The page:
In other words it doesn’t pay to cooperate.

But that isn’t the “iterated” version of the game. In the iterated prisoner’s dilemma the game is played over and over again. What strategy is best then? An initial empirical result showed that “tit for tat” worked impressively well between two actors. In tit-for-tat you don’t need much memory about your co-conspirator’s past behavior. It suffices for you to simply do in the current round what they just did in the last round. If they defected, you defect to punish them. If they cooperated, you cooperate.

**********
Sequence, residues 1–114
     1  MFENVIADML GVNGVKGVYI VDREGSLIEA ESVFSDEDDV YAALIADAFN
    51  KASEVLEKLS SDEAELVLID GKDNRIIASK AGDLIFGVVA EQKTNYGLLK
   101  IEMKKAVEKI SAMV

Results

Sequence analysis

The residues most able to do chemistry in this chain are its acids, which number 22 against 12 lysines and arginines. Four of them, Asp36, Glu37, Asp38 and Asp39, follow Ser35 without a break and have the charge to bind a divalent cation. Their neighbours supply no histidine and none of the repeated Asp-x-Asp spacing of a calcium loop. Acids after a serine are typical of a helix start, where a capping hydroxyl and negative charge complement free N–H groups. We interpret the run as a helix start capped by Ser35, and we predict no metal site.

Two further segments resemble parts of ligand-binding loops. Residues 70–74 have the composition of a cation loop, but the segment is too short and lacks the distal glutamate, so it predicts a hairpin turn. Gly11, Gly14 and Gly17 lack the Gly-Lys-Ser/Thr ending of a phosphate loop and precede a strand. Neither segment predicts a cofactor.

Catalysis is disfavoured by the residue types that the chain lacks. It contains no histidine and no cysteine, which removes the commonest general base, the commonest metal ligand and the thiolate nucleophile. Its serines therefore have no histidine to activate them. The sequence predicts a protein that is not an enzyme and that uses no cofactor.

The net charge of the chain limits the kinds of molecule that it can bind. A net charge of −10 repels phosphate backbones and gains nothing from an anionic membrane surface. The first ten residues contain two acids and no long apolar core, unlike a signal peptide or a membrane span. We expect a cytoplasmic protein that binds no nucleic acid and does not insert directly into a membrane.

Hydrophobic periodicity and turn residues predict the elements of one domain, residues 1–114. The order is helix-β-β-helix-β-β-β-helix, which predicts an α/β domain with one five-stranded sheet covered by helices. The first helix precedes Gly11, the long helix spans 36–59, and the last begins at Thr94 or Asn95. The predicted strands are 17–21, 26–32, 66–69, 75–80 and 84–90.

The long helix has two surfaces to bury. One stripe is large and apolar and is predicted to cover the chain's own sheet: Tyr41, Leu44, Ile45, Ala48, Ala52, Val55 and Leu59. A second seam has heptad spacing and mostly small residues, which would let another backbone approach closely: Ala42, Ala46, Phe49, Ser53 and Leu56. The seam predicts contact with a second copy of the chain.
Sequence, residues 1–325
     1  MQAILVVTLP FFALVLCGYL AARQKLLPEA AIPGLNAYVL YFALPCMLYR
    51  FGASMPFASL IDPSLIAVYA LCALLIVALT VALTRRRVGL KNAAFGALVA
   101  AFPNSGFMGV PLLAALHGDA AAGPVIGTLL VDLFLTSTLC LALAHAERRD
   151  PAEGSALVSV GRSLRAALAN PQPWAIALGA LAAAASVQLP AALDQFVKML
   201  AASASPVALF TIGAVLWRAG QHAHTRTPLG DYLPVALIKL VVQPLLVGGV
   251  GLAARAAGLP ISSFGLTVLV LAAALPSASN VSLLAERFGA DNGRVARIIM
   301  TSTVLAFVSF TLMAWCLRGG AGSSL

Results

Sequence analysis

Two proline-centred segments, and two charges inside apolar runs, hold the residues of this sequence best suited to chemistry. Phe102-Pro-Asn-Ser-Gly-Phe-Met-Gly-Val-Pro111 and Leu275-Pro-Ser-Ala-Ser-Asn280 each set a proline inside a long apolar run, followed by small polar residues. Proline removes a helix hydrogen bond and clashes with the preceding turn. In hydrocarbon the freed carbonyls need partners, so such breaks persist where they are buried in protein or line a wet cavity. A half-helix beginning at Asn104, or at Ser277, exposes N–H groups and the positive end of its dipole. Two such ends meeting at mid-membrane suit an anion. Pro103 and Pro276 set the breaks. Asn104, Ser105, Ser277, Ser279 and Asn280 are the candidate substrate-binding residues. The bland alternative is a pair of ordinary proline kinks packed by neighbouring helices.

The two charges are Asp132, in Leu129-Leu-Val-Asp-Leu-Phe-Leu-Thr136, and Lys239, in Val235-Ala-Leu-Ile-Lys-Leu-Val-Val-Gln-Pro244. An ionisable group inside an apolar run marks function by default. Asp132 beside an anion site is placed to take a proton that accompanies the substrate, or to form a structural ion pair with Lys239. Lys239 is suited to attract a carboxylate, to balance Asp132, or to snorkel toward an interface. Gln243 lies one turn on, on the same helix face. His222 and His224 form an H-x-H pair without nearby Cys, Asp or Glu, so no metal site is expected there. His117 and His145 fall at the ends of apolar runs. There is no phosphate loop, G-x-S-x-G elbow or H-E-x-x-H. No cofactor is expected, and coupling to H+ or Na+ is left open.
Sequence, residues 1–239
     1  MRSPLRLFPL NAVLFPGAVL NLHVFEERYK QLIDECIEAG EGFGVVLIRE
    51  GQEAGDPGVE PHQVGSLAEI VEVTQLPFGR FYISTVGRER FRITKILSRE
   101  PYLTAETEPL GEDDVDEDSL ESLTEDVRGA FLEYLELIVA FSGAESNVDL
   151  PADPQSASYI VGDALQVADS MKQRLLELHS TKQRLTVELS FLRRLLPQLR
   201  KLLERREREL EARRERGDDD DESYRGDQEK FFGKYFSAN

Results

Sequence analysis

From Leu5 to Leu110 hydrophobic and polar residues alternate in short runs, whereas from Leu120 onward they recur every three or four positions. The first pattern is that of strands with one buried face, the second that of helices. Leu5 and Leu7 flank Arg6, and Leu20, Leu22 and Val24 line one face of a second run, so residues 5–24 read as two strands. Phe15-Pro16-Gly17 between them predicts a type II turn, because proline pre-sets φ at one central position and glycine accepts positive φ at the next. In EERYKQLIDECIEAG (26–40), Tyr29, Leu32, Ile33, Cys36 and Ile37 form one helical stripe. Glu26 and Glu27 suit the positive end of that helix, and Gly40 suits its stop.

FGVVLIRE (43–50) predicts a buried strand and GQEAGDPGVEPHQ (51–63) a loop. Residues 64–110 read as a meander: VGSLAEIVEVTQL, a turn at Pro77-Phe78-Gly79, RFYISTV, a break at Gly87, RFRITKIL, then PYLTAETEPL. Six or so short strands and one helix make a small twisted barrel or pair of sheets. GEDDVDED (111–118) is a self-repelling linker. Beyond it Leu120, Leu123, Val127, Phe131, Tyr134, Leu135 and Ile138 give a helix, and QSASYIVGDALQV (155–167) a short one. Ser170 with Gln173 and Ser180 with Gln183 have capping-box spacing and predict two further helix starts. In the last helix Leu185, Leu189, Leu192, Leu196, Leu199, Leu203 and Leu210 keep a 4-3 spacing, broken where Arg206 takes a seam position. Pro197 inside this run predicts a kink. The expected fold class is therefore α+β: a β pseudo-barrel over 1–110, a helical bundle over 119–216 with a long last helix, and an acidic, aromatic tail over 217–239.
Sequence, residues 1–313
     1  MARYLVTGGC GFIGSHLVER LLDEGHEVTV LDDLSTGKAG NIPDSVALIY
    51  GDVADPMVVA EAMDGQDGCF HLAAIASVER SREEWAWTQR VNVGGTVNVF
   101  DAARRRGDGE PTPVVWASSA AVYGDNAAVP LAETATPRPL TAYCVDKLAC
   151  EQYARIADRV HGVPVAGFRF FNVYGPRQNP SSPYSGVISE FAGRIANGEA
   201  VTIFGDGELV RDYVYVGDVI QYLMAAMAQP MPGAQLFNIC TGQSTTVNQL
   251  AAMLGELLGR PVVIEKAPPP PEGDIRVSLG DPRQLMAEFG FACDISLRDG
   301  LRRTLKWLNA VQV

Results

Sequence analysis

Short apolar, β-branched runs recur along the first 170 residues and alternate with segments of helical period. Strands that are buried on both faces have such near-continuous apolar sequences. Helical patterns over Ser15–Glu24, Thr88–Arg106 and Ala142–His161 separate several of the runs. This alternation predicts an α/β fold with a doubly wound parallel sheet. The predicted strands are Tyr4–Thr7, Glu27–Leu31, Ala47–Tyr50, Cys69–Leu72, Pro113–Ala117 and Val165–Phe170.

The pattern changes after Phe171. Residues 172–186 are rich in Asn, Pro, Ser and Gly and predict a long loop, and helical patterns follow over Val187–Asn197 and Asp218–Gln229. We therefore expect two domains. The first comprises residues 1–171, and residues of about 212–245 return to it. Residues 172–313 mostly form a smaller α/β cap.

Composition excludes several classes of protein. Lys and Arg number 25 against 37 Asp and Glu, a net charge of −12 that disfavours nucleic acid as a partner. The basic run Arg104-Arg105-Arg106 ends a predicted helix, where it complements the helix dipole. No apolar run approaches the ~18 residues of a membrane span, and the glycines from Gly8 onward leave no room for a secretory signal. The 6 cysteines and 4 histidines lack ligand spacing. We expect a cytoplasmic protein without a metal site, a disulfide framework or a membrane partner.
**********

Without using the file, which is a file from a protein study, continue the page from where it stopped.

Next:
But this is just two actors and robust payoff matrixes. What if we expand the game to include hundreds of interacting agents who are all competing for mating privileges and access to resources? Fukuyama’s claim is being applied to human prehistory, after all. How does a more complex competitive-cooperative landscape change these simple games and lead to an upward trajectory of abstraction, induction, abduction, or other mechanisms that feed into cognitive processes and then into linguistic ones? We can bound the problem in the following way: the actors need at least as many bits as there are interacting actors to be able to track their defection rates to the last interaction. And, since there are observable limitations to identifying defection (cheating) with regard to mating opportunities or other complex human behaviors, we can expand the bits requirement to floating point representations that cast past behavior in terms of an estimate of their likelihood of future defections. Next, you have to maintain individual statistical models of each participant to better estimate their likelihood of defection versus cooperation (hundreds of estimates and variables). You also need a vast array of predictive neural structures that are tuned to various social cues (Did he just flirt with my girlfriend? Did he just suck-up to the head man?)